Since 2001, I have worked with individuals with disabilities in various capacities.
After obtaining a bachelors degree in Psychology at Azusa Pacific University, I worked as a behavioral therapist for children with autism. Working with students in their home and school, I fell in love with my job right away. Later, I finished my teaching credential specializing in working with students with the most significant cognitive disabilities at California State University Fullerton. It was there I learned about inclusive education, which to me was an unfamiliar concept. I remember distinctly arguing against the inclusion of students with severe behavior challenges and intellectual disabilities and uttering phrases like “What are they going to get out of being in general education?” These ideas (fortunately) are in my past, and moving forward I worked to systematically include many of my students with autism in general education from a self-contained (segregated) classroom.
From that point on, I did my best to influence other educators in the Pasadena Unified School District to think inclusively. In 2008, my family and I moved from Pasadena, CA to Marietta, GA and I took a job at a school district in the Metro Atlanta area. I transitioned from working with students on the autism spectrum to students with significant cognitive disabilities.
In 2011, I had the opportunity to give a presentation about a pilot inclusion program for students with significant cognitive disabilities with a group from my school district at the TASH conference in Atlanta. It was there that I realized my dreams for inclusive schools were shared by many people. I felt as if I had come home.
One of my biggest takeaways from the TASH Conference was a question that disability rights advocate Norman Kunc raised and helped shape my view of disability. When you see a person with a disability, where do you locate the problem? In the person with the disability (meaning they are broken and need to be fixed)? Or, in the environment, that there are systemic problems that keep a person with a disability from accessing full membership in their schools and communities. Too often people with disabilities are invisible. As an educator, I see that our students are continually underestimated and undervalued in the society at large. It is difficult to change your paradigm when your presumptions are faulty. Even with the best circumstances and attitudes, “They can’t” or “They’re not ready” are some of the first words that come out of people’s mouths.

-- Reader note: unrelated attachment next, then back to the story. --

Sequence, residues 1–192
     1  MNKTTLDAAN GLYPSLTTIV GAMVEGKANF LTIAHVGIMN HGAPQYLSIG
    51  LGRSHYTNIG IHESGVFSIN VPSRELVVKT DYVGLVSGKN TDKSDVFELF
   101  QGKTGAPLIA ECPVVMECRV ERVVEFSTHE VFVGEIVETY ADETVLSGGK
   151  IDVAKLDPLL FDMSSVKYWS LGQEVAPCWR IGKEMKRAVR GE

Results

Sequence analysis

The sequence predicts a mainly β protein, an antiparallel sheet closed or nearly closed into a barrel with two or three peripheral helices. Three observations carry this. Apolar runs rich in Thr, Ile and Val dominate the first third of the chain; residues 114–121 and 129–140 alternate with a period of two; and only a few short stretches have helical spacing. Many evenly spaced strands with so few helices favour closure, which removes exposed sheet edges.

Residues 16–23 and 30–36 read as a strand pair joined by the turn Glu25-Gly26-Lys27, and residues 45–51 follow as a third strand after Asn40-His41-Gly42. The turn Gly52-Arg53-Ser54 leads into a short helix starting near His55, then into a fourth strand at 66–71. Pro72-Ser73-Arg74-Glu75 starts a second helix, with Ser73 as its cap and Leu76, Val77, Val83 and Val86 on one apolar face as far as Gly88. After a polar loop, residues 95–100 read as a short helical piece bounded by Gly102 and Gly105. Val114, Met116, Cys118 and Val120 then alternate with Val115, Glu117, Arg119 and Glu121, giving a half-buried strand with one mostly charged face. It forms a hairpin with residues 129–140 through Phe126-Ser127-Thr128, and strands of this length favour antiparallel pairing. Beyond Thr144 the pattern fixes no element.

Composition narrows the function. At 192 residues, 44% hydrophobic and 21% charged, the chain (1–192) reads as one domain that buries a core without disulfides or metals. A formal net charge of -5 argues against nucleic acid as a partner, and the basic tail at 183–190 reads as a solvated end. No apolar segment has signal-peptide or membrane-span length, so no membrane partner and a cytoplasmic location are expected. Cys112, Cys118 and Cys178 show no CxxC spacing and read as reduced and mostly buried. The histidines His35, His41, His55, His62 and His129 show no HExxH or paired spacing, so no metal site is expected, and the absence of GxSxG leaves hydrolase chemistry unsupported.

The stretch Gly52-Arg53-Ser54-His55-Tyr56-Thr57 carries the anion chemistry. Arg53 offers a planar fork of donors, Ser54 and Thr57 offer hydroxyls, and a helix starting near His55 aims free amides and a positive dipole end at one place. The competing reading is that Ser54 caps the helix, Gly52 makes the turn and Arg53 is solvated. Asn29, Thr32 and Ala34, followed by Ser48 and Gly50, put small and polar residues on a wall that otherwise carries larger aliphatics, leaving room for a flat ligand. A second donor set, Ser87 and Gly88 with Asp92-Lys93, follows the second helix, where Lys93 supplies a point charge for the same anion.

If anything, the TASH conference renewed my vision of who I wanted to be as an educator. Someone who takes the “Least Dangerous Assumption” and presumes competence, has high expectations for all students and focuses on human dignity. It is easy to become overwhelmed with the amount of work that still needs to be done to create inclusive schools and communities, but to quote Carl Sandburg, “Nothing happens unless first a dream.”
During the conference, I decided that my advocacy need to be taken up a notch and signed up for a Twitter handle (tweeting about #inclusion every chance I could). Finally, a friend of mine convinced me to start the website Think Inclusive. That was in 2012, and the site and my advocacy efforts have grown gradually since then.
I transitioned once again in my educator role in 2014 from a teacher from students with intellectual disabilities to a teacher for students with autism. I was able to focus on what brought me into the field of education and renewed my passion for inclusive practices.
In 2017, after thirteen years as a classroom teacher, I moved into an autism program specialist position supporting teachers and students in my school district.
With my current position, I am still attempting to shine a light on inclusive practices for all students. Outside of regular work hours, I am a speaker, podcaster, inclusion coach, and educational consultant through my company Think Inclusive LLC.
My ultimate goal for the people that I serve is that they learn, live, and play in an inclusive community.